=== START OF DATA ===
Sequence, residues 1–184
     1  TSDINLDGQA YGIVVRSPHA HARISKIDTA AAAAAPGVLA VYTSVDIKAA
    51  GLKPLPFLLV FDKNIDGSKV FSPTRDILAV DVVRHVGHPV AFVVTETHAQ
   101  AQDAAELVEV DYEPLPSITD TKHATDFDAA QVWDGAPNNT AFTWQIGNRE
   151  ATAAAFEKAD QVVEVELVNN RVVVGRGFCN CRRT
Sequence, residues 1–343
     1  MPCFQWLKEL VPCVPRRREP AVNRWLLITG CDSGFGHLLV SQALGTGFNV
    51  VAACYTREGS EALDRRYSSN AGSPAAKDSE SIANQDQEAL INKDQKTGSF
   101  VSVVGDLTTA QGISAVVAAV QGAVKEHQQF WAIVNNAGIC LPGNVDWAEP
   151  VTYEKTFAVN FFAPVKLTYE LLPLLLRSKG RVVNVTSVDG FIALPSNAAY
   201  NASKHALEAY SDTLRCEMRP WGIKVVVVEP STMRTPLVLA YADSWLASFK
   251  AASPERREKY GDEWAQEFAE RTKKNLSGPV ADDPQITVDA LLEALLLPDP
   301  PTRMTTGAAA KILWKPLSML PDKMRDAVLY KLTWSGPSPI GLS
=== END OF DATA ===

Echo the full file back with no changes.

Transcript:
Sequence, residues 1–184
     1  TSDINLDGQA YGIVVRSPHA HARISKIDTA AAAAAPGVLA VYTSVDIKAA
    51  GLKPLPFLLV FDKNIDGSKV FSPTRDILAV DVVRHVGHPV AFVVTETHAQ
   101  AQDAAELVEV DYEPLPSITD TKHATDFDAA QVWDGAPNNT AFTWQIGNRE
   151  ATAAAFEKAD QVVEVELVNN RVVVGRGFCN CRRT
Sequence, residues 1–343
     1  MPCFQWLKEL VPCVPRRREP AVNRWLLITG CDSGFGHLLV SQALGTGFNV
    51  VAACYTREGS EALDRRYSSN AGSPAAKDSE SIANQDQEAL INKDQKTGSF
   101  VSVVGDLTTA QGISAVVAAV QGAVKEHQQF WAIVNNAGIC LPGNVDWAEP
   151  VTYEKTFAVN FFAPVKLTYE LLPLLLRSKG RVVNVTSVDG FIALPSNAAY
   201  NASKHALEAY SDTLRCEMRP WGIKVVVVEP STMRTPLVLA YADSWLASFK
   251  AASPERREKY GDEWAQEFAE RTKKNLSGPV ADDPQITVDA LLEALLLPDP
   301  PTRMTTGAAA KILWKPLSML PDKMRDAVLY KLTWSGPSPI GLS